Confirmed impact: a NASA spacecraft deliberately crashed into an asteroid on Monday with the aim of diverting its trajectory, during an unprecedented test mission that should allow humanity to learn to protect itself from a possible future threat.
The ship, smaller than a car, rushed at a speed of more than 20,000 km / h on its target, reached at the scheduled time (23:14 GMT). The NASA teams, gathered at the mission control center in Maryland, in the United States, exploded with joy at the moment of the collision. A few minutes earlier, the asteroid Dimorphos, located about 11 million kilometers from Earth, has been growing little by little in the spectacular images broadcast live by the ship. We could clearly make out the pebbles on its gray surface, just before the images stopped at the moment of the explosion.
“We have embarked on a new era, where we potentially have the ability to protect ourselves from a dangerous asteroid impact,” said Lori Glaze, director of planetary sciences at NASA.
Dimorphos is about 160 meters in diameter and does not represent any danger to our planet. It is actually the satellite of a larger asteroid, Didymos, which has so far circumnavigated in 11 hours and 55 minutes. NASA seeks to reduce the orbit of Dimorphos by 10 minutes, that is, to bring it closer to Didymus. The It will take a few days to a few weeks before scientists can confirm that the asteroid’s trajectory has been altered. They will do this thanks to telescopes on Earth, which will observe the variation in brightness as the small asteroid passes in front of and behind the large one.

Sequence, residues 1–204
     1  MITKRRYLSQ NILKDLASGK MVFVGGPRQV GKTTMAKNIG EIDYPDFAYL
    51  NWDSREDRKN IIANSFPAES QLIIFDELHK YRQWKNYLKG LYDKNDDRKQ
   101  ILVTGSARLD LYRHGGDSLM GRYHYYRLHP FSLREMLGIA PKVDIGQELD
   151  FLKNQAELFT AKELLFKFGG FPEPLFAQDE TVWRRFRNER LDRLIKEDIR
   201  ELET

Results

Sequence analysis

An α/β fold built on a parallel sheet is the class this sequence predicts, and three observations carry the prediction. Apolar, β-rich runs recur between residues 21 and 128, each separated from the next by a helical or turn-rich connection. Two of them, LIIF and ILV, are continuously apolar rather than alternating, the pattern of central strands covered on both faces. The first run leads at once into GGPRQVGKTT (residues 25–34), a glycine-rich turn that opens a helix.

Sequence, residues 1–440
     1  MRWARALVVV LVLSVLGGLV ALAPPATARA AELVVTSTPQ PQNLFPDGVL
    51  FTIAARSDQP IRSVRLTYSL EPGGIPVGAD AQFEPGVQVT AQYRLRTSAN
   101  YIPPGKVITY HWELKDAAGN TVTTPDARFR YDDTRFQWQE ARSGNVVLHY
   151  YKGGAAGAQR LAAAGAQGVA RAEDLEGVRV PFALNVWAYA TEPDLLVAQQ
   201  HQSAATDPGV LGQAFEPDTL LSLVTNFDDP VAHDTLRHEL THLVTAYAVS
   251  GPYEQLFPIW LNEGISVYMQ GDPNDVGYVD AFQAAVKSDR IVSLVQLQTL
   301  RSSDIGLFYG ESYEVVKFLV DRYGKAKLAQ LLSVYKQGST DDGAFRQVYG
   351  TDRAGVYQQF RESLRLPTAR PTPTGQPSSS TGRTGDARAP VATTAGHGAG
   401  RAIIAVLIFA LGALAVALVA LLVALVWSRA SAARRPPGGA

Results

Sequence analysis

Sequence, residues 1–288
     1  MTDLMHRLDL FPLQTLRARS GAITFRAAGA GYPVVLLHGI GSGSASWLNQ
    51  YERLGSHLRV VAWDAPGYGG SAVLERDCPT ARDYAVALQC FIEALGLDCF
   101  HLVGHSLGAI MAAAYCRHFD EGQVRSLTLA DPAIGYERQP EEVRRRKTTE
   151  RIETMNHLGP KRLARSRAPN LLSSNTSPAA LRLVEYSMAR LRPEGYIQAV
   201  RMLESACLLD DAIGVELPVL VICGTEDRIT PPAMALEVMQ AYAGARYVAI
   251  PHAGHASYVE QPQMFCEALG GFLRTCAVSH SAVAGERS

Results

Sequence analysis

If the goal remains modest compared to the disaster scenarios in science fiction movies like “Armageddon,” this “planetary defense” mission, dubbed Dart, is the first to test such a technique. It allows NASA to train in case an asteroid threatens to hit Earth one day. “I think Earthlings can now sleep soundly, I will,” said Elena Adams, a mission engineer.
The ship had traveled for ten months since taking off in California. To hit a target as small as Dimorphos, the last phase of the flight was fully automated, like a homing missile.
Three minutes after impact, a shoebox-sized satellite, called LICIACube and launched by the spacecraft upriver, was expected to pass within about 55 km of the asteroid to capture images of the ejection. The event was also to be observed by the Hubble and James Webb Space Telescopes, which should be able to detect a bright cloud of dust and thus help assess the amount of material ejected.
All of this should allow a better understanding of the composition of Dimorphos, representative of a population of fairly common asteroids, and therefore measure the exact effect that this technique, called kinetic impact, can have on them.
The European probe Hera, which will take off in 2024, will also closely observe Dimorphos in 2026 to assess the consequences of the impact and calculate, for the first time, the mass of the asteroid.
Asteroids have held surprises for scientists in the past. In 2020, the US Osiris-Rex probe had sunk much deeper than expected to the surface of the asteroid Bennu. Likewise, the composition of Dimorphos is currently unknown. “If the asteroid responds to the Dart impact in a completely unforeseen way, it could actually lead us to reconsider the extent to which kinetic impact is a generalizable technique,” chief scientist Tom Statler of the mission warned last week.
66 million years ago, the dinosaurs disappeared after the collision of an asteroid about 10 kilometers with the Earth. Nearly 30,000 asteroids of all sizes have been cataloged in the vicinity of Earth (they are called near-Earth objects, meaning their orbit crosses that of our planet). Today, none of these known asteroids threaten our planet for the next 100 years. Except they’re not all on the list yet.
Those of a kilometer or more have been sighted almost all, according to scientists. But they estimate that they only know about 40% of the asteroids that measure 140 meters or more, those capable of devastating an entire region. “Our most important task is to find” the missing, said Lindley Johnson, NASA’s planetary defense officer. The earlier they are detected, the more time experts will have to put in place a means of defending against them.